Finance Minister Nirmala Sitharaman presented India’s Budget last weekend, offering a mix of tax cuts and spending proposals – but failing to even acknowledge that the country is dealing with an economic slowdown.

The Political Fix,’s weekly newsletter on Indian politics and policy, looked at some aspects of the Budget last Monday, and will delve further into it over the coming week. But today, here are 10 reads from around the web examining various aspects of the Budget:

  1. The Budget has very little for Indians, writes Bloomberg’s Andy Mukherjee. Its aim is making the country attractive to foreigners at a time when things aren’t going well elsewhere.
  2. “Listening to this year’s speech was a surreal experience because it seemed like the finance minister’s generally upbeat and buoyant attitude was referring to some other economy,” writes Shruti Rajagopalan in Mint. “In the longest budget speech ever,not once did she mention the word “slowdown” or reference slowing growth rates, or a growth slump.”
  3. The Economic Survey made a detailed analysis of the causes of the slowdown. The Budget, however, simply said the fundamentals of the economy are strong. “Not surprisingly, when the existence of the problem itself is denied, it is difficult to find solutions,” writes M Govinda Rao in the Indian Express.
  4. Sitharaman announced new, lower tax rates but made them conditional on taxpayers giving up their exemptions. Ashwini Kumar Sharma in Mint says that only a few taxpayers will benefit from the new rates, and most should choose to stay on the old system.
  5. An editorial in the Business Standard calls out the higher tariffs and protectionism built into the Budget: “The economic history of India till the 1990s reveals the dangers of allowing the belief to take hold that tariffs lead to job creation and a productive base. It did not work then, and it will not now.”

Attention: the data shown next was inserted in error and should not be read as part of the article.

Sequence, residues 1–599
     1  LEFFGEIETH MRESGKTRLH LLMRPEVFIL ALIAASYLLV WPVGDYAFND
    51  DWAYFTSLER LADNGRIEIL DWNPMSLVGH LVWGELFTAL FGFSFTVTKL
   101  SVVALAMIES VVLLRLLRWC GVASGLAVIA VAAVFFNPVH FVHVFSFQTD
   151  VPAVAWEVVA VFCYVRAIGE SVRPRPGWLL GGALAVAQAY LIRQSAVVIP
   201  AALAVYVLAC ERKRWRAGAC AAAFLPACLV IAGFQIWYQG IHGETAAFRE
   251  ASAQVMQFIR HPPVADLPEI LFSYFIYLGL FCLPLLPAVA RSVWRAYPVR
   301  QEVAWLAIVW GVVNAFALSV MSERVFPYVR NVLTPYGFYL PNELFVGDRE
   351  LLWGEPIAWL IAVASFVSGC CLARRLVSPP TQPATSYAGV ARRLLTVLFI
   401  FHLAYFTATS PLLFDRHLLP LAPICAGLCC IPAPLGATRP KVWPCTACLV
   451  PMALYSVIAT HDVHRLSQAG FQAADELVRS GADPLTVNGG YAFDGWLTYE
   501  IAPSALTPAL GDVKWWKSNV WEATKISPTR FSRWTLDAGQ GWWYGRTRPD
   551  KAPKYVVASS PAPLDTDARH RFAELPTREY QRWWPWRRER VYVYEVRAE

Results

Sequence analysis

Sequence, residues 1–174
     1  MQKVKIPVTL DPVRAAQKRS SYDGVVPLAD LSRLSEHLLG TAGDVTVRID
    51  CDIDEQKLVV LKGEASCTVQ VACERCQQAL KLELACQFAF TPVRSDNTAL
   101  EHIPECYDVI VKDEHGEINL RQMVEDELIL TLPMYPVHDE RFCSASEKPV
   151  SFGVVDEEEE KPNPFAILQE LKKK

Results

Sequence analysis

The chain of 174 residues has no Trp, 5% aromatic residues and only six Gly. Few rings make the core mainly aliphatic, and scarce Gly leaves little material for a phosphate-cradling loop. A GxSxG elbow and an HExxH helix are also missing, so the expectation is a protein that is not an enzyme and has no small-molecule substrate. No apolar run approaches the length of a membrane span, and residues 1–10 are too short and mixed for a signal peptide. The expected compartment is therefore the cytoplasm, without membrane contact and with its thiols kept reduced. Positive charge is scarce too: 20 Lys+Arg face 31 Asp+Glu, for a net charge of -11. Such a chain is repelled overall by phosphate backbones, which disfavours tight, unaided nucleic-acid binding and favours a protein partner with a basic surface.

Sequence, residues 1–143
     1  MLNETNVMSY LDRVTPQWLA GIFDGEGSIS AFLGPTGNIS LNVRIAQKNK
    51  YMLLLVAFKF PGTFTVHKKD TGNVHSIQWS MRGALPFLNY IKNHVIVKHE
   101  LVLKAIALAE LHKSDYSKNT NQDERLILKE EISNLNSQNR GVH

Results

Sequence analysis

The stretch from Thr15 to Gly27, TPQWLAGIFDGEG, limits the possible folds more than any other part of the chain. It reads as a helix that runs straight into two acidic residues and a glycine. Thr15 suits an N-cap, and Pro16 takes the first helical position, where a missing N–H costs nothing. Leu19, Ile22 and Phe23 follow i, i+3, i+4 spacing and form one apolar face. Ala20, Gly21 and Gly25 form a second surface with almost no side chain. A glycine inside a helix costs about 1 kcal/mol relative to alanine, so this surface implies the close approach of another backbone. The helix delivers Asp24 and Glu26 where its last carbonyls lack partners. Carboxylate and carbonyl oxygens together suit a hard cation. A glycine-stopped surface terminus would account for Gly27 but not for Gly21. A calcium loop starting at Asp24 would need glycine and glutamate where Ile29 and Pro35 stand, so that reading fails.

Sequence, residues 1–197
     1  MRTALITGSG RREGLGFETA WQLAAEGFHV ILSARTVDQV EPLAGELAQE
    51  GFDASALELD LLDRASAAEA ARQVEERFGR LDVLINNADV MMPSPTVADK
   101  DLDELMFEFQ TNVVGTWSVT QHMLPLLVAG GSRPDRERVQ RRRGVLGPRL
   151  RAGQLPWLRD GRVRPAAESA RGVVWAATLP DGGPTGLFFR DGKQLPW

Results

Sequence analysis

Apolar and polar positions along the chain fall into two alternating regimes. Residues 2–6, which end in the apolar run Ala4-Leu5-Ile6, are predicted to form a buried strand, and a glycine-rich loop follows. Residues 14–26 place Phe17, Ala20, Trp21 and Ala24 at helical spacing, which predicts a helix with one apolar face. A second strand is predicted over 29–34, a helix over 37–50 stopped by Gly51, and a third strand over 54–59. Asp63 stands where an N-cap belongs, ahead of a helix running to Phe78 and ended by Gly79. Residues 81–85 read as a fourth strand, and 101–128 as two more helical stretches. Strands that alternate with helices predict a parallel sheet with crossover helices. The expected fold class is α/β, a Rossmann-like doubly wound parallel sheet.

6. The government has preferred short-term fixes to genuine change, writes Suyash Rai in the Hindustan Times. “Overall, one can say that in spite of its political capital, this government prefers tactics and operations to strategy when it comes to the economy,” he writes.
  7. “In deciding to depend upon global pools of capital, India’s government will be forced to listen to at least one group of people who care about growth and investment,” writes Mihir S Sharma on Bloomberg. “It’s up to the bond markets now to do what nobody else has: Get Modi focused on the economy.”
  8. Puja Mehra in Mint takes a look at the basic questions around the Budget: Are the tax projections realistic? Has the fiscal strain been addressed?
  9. Siddharth Zarabi in Swarajya has an unusual recommendation: Why not a quarterly budget? “This frequency of review alone would allow the sunshine of parliamentary scrutiny on implementation and ensure detailed reviews and necessary course correction on a faster basis.
  10. “With central reforms increasingly announced outside budget speeches, and both revenue and expenditures starting to become predictable, it might be more productive for public attention to move to other areas of government functioning like state and municipal budgets,” writes Neelkanth Mishra in the Indian Express.